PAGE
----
In early January the temperature ranges from the high 50s to low 60s, not summer weather, but sunny and quite comfortable in the day time.
The harbor area is both a scenic delight and a working industrial area, and one doesn’t clash with the other, as odd as that might sound to Americans. Packed trendy restaurants are just across the road from 2,000 year old Roman ruins. A block away from the the “Roman Teatro” is the Picasso Museum; three blocks off is his birthplace.
I wandered about the Old Town for several hours Saturday. I’ll be here through next Friday. Consider this my book report on Malaga. For the next week I’ll explore the town and post more photos here, and maybe more text, before heading to Tangier for the start of my trek through Morocco.
And for the next two days, I’ll continue to enjoy the lofty views from my 8th floor balcony and the spectactular 300 degree city and harbor vistas from the hotel’s 15th floor Terraza.
I was surprised to see a dark sky when we touched down at 7:45 a.m. During the more than one mile walk to the immigration counters, the black horizon out past the terminal windows finally started glowing a dull pink. Normally I would stop to appreciate such things, but the trek from the distant Terminal 4S to immigration and then the tram to the exit area was an ordeal. I’ll let you ponder what the I think the “S” stands for.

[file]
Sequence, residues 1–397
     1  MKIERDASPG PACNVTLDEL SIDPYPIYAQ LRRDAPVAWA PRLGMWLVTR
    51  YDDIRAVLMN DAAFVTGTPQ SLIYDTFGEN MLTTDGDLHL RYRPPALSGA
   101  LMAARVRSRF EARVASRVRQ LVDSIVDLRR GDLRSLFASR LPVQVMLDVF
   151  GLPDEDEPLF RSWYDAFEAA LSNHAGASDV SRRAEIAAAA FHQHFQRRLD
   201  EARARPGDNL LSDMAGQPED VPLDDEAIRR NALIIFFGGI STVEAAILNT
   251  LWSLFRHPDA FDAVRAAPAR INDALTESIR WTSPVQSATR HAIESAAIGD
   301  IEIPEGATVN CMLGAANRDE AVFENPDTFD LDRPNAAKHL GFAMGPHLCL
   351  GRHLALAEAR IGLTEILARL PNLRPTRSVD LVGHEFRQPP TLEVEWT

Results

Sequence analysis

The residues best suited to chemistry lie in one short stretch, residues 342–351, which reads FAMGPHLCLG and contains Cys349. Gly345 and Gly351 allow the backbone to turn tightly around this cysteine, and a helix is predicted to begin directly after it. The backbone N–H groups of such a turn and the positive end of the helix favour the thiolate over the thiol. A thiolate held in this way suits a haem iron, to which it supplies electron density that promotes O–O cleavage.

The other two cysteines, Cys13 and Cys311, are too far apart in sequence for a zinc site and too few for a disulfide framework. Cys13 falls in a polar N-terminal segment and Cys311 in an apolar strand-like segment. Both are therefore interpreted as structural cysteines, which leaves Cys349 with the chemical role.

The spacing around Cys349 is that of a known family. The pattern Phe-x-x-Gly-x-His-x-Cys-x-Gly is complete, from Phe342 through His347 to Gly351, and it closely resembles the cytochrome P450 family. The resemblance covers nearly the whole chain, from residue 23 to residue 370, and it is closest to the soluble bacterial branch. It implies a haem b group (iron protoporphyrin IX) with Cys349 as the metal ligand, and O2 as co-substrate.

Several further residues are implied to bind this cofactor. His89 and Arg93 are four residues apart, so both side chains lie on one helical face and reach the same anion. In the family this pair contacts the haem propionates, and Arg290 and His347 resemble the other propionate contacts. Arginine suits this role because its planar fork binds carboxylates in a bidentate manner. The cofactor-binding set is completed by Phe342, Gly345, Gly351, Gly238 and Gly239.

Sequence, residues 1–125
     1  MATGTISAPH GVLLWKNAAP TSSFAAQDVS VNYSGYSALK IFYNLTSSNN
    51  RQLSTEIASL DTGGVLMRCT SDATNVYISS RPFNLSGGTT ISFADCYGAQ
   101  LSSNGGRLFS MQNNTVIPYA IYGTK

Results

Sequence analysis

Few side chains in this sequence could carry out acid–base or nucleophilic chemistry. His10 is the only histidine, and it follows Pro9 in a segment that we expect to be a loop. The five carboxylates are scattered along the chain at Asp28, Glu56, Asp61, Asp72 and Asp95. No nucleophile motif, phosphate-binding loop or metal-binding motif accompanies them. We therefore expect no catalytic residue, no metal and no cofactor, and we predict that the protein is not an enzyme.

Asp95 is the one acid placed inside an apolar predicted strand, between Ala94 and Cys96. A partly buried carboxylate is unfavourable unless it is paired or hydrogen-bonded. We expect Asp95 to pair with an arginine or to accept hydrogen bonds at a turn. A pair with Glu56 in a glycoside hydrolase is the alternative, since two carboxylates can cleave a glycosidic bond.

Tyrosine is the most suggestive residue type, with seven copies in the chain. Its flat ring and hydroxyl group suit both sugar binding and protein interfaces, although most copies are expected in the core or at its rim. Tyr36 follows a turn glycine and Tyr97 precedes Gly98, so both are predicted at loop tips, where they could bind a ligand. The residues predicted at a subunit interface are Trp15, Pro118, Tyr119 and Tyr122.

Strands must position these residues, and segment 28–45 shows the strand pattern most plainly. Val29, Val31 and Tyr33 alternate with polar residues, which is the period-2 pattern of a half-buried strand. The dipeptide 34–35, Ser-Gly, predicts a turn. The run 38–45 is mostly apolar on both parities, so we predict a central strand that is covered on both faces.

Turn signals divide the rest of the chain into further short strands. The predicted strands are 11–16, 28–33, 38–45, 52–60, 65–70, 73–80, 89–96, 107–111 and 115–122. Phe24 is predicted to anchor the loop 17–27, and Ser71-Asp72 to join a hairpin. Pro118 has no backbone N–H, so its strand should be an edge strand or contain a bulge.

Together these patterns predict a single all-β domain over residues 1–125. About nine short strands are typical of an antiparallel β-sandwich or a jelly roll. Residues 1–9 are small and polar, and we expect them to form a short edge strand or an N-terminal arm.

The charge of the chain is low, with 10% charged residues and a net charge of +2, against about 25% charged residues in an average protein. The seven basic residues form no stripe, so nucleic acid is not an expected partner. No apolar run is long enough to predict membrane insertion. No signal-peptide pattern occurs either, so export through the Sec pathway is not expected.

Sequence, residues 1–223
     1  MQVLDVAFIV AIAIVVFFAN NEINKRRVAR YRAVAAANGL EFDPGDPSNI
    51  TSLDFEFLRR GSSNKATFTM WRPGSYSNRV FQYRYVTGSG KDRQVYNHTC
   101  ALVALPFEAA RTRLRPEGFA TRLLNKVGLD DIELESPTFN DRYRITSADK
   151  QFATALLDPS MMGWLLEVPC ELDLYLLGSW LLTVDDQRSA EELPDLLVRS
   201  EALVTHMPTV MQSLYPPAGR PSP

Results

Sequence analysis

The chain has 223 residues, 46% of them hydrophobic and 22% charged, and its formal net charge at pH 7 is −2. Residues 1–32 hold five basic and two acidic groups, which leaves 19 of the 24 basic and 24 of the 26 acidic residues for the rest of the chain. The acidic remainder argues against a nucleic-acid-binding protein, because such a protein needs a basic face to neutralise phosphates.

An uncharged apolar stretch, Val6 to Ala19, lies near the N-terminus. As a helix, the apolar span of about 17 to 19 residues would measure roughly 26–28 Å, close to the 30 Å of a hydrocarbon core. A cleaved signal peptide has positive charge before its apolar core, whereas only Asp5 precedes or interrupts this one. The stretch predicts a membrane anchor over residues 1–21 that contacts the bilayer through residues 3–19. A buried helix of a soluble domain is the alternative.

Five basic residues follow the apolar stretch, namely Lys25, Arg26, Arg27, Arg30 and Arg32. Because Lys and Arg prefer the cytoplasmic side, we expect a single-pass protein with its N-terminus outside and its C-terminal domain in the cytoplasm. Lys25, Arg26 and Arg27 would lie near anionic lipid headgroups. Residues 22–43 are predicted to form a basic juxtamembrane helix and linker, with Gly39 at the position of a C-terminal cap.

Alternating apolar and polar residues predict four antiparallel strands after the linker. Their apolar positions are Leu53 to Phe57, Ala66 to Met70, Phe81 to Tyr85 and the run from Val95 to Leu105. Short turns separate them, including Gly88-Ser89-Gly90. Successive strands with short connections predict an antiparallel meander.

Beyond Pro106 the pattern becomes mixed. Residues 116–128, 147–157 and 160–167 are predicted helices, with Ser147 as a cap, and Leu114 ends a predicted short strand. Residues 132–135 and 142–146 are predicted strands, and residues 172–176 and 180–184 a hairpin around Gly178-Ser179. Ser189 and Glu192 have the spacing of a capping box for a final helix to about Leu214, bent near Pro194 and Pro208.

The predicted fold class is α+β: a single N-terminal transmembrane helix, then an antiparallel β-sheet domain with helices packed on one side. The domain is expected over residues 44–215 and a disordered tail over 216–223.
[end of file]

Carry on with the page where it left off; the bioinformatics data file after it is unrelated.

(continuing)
I thought a Premium Economy seat would assure a restful night. After all, most younger parents with children can’t afford to pay for premium seats for their kids, right?
But a young family with not one but three children, including a very unhappy 2-year old, proved me wrong and ruined my plan. Intermittent but steady crying and whining throughout the entire eight hour flight and maybe 30 minutes of sleep for me.
I tried to tell myself, hey, they’re not having any fun either. It didn’t work.
Unfortunatley, I’d also opted to lug a 40-litre back pack around rather than my nifty Away roller suitcase, and I was relieved to reach my hotel just after 9 a.m. local time. Or, as my body was telling me, 2 a.m.
Hours later, after a 2-hour nap that stretched to five, I found myself in the restaurant at the Crowne Plaza Madrid Airport hotel, trying to shake off the sleep and the 7-hour time difference, just after 5 p.m. on New Years Eve.
I was in that hotel cocoon found in many countries, where there is no distinctive culture, just welcome creature comforts. Experiencing what I call a “muted transistion,” when the move from home to away isn’t immediately clearly demarcated, despite an 8-hour plane ride and other travel.